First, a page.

Maintaining the best possible fleet for your shipping needs requires vigilance and the tracking of specific measures across their performance. If you do not know how well your carrier performs, explains Merrill Douglas of Inbound Logistics, you cannot determine if you are actually seeing a positive return on investment. While many shippers and carriers have moved toward digital, automated data capture, it is still necessary to create a carrier scorecard, which helps you see what carriers are better suited for your needs. Yet, all metrics and scorecards are not equal, and you need to know what metrics should be included in your carrier scorecard.
1. On-Time Performance
Having your freight delivered on-time is critical to your success. A late delivery could alienate customers, and if you are paying for on-time delivery, your freight should arrive when it is supposed to. Your carrier scorecard should include a value to represent how often freight arrives on-time, including both a numeric value and a percentage of all shipments through a given carrier.
2. Billing Accuracy
Carriers are going to make mistakes, and with the sheer number of today’s freight processes, it would be impractical to expect complete and throughout accuracy in billing. However, excess problems and inaccuracies in billing can cost your company thousands, and if you can isolate which carriers tend to exhibit the greatest number of inaccuracies, you can avoid these carriers unless absolutely necessary. Moreover, you can use this score to prioritize audits for these carriers.
3. Damage-Free Shipments
Although damage may occur during shipping, customers hold the business accountable for the arrival of damaged items. As a result, you need to know what carriers cause damage in both numeric and percentile scores, which will help you avoid the costs of returns and replacements. Furthermore, this metric can help the carrier isolate why the risk seems to be higher with freight shipped from your location.
4. Driver Performance
The scrutiny of drivers’ performance is growing. Drivers that do not adhere to regulations for hours-of-service operation or Occupational Safety and Health Administration requirements for personal protective equipment (PPE) can undermine the credibility and financial stability of your organization. Moreover, your freight could end up in limbo if a driver is detained due to illegal driving. As a result, you need to know what carriers have the highest performing drivers to ensure your freight reaches its destination on-time.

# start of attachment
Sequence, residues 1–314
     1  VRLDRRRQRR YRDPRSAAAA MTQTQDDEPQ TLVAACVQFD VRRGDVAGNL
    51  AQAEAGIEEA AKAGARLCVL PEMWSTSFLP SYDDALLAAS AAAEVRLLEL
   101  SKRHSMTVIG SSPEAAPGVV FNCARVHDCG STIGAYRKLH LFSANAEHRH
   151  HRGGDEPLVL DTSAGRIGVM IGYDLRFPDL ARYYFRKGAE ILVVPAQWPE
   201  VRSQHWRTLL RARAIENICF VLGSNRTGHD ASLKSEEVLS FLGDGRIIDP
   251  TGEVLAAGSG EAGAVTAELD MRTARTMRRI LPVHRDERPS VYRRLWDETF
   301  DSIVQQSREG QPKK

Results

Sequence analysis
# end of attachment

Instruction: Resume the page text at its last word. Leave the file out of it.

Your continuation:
5. Load Preferences Per Carrier
As discussed in our previous post, “The State of the Capacity Crunch,” today’s carriers have to make do with less space and more shipments. If you know what types of loads each carrier prefers, such as less-than-truckload (LTL) or small package, you can make your freight more attractive, promoting faster transit and delivery.
6. Responsiveness of Customer Service.
As a shipper, you will have times when you need to call customer service at your carrier. Measure the performance and capability of the customer service at each respective carrier, including the average response time, duration required to complete your request, and the willingness of the representative you speak with.
7. Ease of Access During Auditing Processes.
Audits are part of shipping, and you need to have access to the data gleaned from audits. This includes understanding how a carrier’s auditing processes work and how quickly the audit information is passed along to your organization.
8. Equipment Maintenance.
Knowing a carrier’s fleet and equipment is in good, working order is critical to preventing untimely delays. Track the reliability and dependability of your carrier’s equipment by its age, the average number of times it has “broken down” and how quickly the issues were resolved, explains Deborah Catalano Ruriani of Inbound Logistics.
9. Re-Evaluation Timeline for Updating the Carrier Scorecard.
The carrier scorecard should not be static. You should have a measure of the age of the scorecard on it to identify when re-evaluation is needed. This helps you to avoid making decisions based on old data. For example, the re-evaluation score could be the actual date when the last scorecard was created for a specific carrier. This is also vital to ensuring the equipment maintenance score stays updated to reflect improvements made by a carrier.
10. Carrier Service Levels: Movement of Freight.
Every time your freight is physically moved from one trailer to another, or any other movement, it increases the risk of lost or damaged freight. Know what types of service levels are commonly used for your freight and how it moves, especially in intermodal transportation.
11. Overall Score Per Carrier.
Each of the aforementioned scores provides a comprehensive view of the quality and attractiveness of your carriers. Rather than reviewing each score before making all freight decisions, use these scores to assign a preference ranking score to each carrier. It will help you readily identify what carriers should be used for your shipping needs. As a result, your staff can know what carriers to eliminate or “star” for future use.
You cannot fix what you do not track, and having the appropriate metrics in your carrier scorecard is critical to selecting a carrier for your freight. Start using these metrics in your carrier scorecards today, and see how your efficiency and selectiveness will change to encourage the growth of your organization.